Written in 1955 by the then junior senator from the state of Massachusetts, John F. Kennedy's Profiles in Courage served as a clarion call to every American. The inspiring true accounts of eight unsung heroic acts by American patriots at different junctures in our nation's history, Kennedy's book became required reading, an instant classic, and was awarded the Pulitzer Prize. Now, a half-century later, it remains a moving, powerful, and relevant testament to the indomitable national spirit and an unparalleled celebration of that most noble of human virtues.
This special "P.S." edition of Profiles in Courage commemorates the fiftieth anniversary of the book's publication. Included in this new edition, along with vintage photographs and an extensive author biography, are Kennedy's correspondence about the writing project, contemporary reviews of the book, a letter from Ernest Hemingway, and two rousing speeches from recipients of the Profile in Courage Award.
Grace Under Pressure
By T. Graczewski "tgraczewski" - December 30, 2003
"Profiles in Courage" is a rare book - for a number of reasons.
First, of course, is that the author is nothing short of American royalty and the publication of the book in 1956 had an instantaneous impact on Kennedy's political fortunes. In the late 1950s, JFK was a freshman senator without many notable achievements. "Profiles" immediately set him apart from his Congressional colleagues and established him as something of an intellectual heavyweight in Washington and garnered valuable publicity that ultimately vaulted him to the 1960 Democratic nomination and the presidency.
Second, never before has a work of non-fiction been so immediately embroiled in controversy, both because of questions concerning its composition and the fact that it won the 1957 Pulitzer Prize for biography. The consensus today -- nearly half-a-century after its publication and after intense scrutiny -- is that the book was essentially written by committee. JFK may have provided the... read more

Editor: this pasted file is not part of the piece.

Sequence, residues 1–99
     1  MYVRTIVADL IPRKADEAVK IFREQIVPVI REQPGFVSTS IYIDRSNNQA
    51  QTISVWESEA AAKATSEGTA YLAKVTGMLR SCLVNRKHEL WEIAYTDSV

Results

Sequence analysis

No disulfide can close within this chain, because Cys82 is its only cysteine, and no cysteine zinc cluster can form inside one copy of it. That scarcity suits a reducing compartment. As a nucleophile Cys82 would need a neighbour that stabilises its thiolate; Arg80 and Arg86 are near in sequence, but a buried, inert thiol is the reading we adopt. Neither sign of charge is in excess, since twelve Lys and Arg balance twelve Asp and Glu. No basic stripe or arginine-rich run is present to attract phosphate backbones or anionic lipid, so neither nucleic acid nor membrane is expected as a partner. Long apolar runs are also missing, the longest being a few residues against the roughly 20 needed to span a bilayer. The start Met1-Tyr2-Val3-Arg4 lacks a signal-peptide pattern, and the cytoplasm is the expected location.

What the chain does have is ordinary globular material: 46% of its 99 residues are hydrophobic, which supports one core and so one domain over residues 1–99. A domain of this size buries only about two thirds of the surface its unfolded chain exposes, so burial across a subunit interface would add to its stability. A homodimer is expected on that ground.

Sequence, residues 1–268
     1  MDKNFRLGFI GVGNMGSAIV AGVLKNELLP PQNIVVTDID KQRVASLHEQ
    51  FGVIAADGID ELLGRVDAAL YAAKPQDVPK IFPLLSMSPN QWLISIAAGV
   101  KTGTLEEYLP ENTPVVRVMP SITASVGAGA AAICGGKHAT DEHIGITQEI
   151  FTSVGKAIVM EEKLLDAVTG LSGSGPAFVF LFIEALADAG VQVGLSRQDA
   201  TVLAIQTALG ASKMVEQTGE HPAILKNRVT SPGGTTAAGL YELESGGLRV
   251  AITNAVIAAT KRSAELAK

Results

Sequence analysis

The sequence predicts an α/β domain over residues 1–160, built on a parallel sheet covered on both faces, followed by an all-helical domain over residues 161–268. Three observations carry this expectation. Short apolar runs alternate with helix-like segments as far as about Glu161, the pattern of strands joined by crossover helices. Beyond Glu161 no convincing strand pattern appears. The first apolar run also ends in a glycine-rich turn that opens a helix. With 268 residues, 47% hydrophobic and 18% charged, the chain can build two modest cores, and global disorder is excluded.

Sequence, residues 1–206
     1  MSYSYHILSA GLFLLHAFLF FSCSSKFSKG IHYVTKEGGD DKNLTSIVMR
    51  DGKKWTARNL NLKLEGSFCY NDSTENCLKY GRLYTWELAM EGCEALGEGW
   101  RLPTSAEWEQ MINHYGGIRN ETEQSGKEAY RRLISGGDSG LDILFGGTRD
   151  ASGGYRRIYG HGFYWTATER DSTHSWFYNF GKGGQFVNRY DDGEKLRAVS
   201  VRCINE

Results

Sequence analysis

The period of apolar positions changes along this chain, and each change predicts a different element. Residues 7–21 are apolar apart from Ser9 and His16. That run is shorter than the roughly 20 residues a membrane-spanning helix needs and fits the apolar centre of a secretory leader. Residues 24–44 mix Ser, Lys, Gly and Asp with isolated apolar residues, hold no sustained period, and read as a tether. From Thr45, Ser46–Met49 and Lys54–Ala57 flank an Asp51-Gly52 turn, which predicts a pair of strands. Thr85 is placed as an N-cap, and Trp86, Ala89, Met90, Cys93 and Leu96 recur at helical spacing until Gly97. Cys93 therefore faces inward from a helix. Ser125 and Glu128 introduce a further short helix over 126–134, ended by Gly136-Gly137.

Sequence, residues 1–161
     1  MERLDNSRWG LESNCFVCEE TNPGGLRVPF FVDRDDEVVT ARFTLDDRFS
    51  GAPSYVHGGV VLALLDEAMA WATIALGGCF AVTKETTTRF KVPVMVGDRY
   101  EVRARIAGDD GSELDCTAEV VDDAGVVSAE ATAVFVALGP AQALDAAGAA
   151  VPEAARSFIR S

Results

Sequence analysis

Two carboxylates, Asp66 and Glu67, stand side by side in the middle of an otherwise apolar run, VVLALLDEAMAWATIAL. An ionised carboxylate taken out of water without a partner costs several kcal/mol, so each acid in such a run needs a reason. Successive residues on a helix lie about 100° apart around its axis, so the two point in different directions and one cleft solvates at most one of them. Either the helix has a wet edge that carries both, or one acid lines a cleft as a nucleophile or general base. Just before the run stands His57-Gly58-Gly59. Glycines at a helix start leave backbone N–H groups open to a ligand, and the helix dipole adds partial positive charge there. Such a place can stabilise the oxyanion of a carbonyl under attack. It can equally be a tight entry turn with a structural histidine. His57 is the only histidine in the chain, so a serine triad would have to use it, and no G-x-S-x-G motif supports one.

Don't pass this one up
By Anthony Hinde - October 19, 2001
"Profiles in Courage" does not belong to any of my preferred genres. I became interested in it after researching John Quincy Adams. The film "Amistad" started me down this path and eventually led to JFK's Pulitzer Prize winning book. It was written while he was still a Senator and focuses, for the most part, on historic politicians. Kennedy obviously admired these men, not for their great successes but for the personal price they all paid as a result of choosing to do what they felt was right.Each man gets at most a chapter, and so Kennedy limited himself to one or two important events in their political careers, often their last stand. Not only are these men admirable but they are also very real. He manages to show us the human, less than perfect, side of each while convincing us of their moral strength. Each chapter leaves you wanting to know more about these men, who helped to shape American history.The nice part about the book, and probably the key... read more
Great profiles that present character of a forgotten age.
By Christian Engler - January 25, 2000
Joh F. Kennedy's Pulitzer Prize winning Profiles In Courage is not an in-depth historical text, true, and it should not be read that way. If any reader was and is expecting to find fascinating, long biographies of the eight men in this book, then they should alter their expectations. Rather, readers should use these profiles as a precursor to major biographies that are fatter and thicker with more detail.Whether Kennedy or his speechwriter wrote this book is irrevelent to me, but what he did when he wrote this book was to narrow it down to a very slim margin of what courage is. What is it? How do people -- especially people in politics -- get courage? What circumstance or circumstances in their lives imbued that very important characteristic into their belief system when serving the public at large? What Kennedy does is explore those key moments in the lives of these men that could have been responsible for the attainment of that trait. Kennedy's style of writing is... read more